Why Measure pH and RH levels in Concrete before Installing Floors?
Flooring contractors who work with concrete floor slabs may need to take both pH (potential hydrogen) and RH (relative humidity) levels of concrete into serious consideration before attempting to install any flooring materials or risk costly project failures.
The Basics of pH in Concrete
When water dissolves additives in liquid, the liquid will have either an acid or alkaline (base/basicity) content.
Concrete manufacturers mix aggregate and cement with water to ensure its strength and stability, however the pH of the water in the mix changes during the process. When applying adhesives to bond a floor covering to concrete, flooring installers must adhere to manufacturer pH guidelines. If they don’t, the adhesives, finishes, and flooring materials they use will likely debond, blister, stain, or suffer other major performance problems.
In addition, concrete additives, along with the natural hydration process of the concrete, introduce some level of either acid or base to the existing moisture of a concrete slab. Acids form hydrogen (positive ions) when added to water and bases form hydroxide (negative ions). Neither one is inherently good or bad, but they both have different atomic reactions when added to water.
In general, pH readings measure acidity versus basicity. The pH scale ranges from 0 to 14. For example, the pH of battery acid is zero, while liquid drain cleaner has a pH of 14. In relation to concrete and floor installations, many adhesive manufacturers require pH levels of 10 or below. Unfortunately, freshly-poured concrete has a pH of 12 to 13. This pH is due to the formation of calcium hydroxide during the hydration process. The calcium hydroxide, in turn, reacts with carbon dioxide in the air, forming calcium carbonate, which reduces pH at the surface.
RH – The Reliable Indicator of Moisture inside the Concrete
Once poured, the top surface of concrete slabs will exhibit a moisture layer which belies the actual amount of moisture in the slab. That’s why it’s necessary to test inside the concrete first before laying the floor covering so the appropriately selected adhesives will bond as they should.
This “inside” test, known as the in situ RH test, is a scientifically proven method indicating the true moisture condition of the concrete slab. Studies have clearly demonstrated the test’s reliability and accuracy. Moving ahead with a flooring installation while lacking reliable information about the slab’s moisture condition would be risky. If the concrete slab is not allowed sufficient time to dry before flooring is installed, the litigation and repair costs due to a moisture-related flooring failure could spiral out of control.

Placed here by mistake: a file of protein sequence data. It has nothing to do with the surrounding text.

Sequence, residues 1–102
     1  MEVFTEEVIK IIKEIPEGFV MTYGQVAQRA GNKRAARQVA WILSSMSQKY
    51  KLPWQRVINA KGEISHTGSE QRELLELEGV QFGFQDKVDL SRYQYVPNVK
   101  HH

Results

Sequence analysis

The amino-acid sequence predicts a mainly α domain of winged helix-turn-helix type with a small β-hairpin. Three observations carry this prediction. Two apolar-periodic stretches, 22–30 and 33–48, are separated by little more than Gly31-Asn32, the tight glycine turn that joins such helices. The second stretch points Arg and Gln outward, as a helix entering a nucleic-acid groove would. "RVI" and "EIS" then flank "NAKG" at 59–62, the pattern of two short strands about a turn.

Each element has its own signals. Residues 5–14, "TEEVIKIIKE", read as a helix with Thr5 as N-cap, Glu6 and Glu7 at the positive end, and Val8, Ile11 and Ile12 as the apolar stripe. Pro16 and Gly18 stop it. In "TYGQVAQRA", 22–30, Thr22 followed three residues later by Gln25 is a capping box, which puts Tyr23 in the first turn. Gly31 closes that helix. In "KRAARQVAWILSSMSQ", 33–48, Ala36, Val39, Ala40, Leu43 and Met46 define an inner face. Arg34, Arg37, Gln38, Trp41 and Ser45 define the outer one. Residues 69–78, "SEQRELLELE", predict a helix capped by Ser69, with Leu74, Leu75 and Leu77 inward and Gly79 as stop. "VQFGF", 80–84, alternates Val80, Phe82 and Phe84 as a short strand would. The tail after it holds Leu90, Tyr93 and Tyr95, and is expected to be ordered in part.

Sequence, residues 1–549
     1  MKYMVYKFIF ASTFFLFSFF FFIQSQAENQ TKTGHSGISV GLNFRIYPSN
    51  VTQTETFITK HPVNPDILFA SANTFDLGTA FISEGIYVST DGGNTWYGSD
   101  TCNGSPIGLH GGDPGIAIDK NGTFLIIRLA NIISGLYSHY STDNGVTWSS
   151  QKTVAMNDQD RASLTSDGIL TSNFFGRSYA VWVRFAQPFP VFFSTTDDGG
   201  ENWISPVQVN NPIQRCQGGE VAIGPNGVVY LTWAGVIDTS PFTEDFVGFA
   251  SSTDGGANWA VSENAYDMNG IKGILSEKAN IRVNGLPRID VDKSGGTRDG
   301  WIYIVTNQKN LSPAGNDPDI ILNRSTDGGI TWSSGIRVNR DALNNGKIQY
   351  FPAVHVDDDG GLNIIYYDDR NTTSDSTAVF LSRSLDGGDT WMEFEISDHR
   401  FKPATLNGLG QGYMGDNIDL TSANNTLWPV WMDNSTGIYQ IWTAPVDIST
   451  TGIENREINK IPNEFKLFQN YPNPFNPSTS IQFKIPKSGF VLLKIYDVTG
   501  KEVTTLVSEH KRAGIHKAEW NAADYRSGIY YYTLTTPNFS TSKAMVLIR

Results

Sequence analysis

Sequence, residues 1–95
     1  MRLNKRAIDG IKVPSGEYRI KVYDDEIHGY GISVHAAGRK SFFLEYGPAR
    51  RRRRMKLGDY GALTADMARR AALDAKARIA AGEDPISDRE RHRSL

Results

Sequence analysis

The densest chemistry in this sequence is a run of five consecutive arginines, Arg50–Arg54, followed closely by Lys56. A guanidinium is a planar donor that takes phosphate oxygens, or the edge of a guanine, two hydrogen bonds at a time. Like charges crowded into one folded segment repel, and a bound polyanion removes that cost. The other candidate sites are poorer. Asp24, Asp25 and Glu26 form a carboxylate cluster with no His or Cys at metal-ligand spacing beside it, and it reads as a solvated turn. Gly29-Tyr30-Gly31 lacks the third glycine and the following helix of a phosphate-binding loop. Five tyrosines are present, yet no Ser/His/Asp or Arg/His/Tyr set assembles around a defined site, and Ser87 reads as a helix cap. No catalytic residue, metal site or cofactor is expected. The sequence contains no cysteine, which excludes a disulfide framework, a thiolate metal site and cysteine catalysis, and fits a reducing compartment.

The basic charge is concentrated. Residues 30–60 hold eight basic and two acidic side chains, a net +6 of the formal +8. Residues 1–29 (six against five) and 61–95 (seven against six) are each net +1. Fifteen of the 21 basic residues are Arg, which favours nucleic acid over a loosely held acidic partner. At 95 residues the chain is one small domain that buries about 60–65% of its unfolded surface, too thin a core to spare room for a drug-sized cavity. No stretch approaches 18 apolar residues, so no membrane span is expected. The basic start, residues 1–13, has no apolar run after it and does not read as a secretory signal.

Keep in mind that concrete and adhesive manufacturers produce guidelines which installers must consider before proceeding with a certain product. Changes in local weather, humidity, and seasons can also influence the outcome.
Thankfully, simple assessment tools exist for both RH and pH.
Rapid RH® Concrete Moisture Testing System
Wagner Meters has developed accurate and cost-effective digital technology, known as the Rapid RH®, for fast, cost-effective RH readings. Our calibrated RH probes can be installed by contractors to 40% slab depth (of a slab drying from one side) and easily read data from a digital, wireless reader (by using the DataMasterTM app, which is compatible with most mobile devices).
The Rapid RH® is specifically designed to make it easy to take multiple measurements of each test location and accurately determine when a concrete slab has reached an appropriate RH moisture condition for flooring to be applied. The Rapid RH® Starter Kit is a good way to get testing.
Rapid RH® Digital pH Meter
The digital pH meter is a valuable accessory to the Rapid RH® moisture measurement system. The pH meter is designed for precision and convenience, and Wagner Meters recommends utilizing its pH test kit as an integral part of Rapid RH® moisture content assessment.
Slab moisture condition and pH are interrelated but measured separately. Generally speaking, the pH will be higher when the RH in the concrete is higher. High pH, as we’ve seen, just like high moisture levels, can make the concrete slab ill-suited for a proper flooring installation.
For this reason, it’s strongly advised that flooring installers and contractors obtain a conclusive assessment of both factors in order to give the “okay” to go ahead with a job. Of course, this goes without saying where both measurements are required.
Research has proven the in situ RH assessment method to be the most accurate method for determining the RH of a concrete slab. And achieving the appropriate RH level will also help ensure the appropriate pH level for a safe, long-lasting flooring installation.
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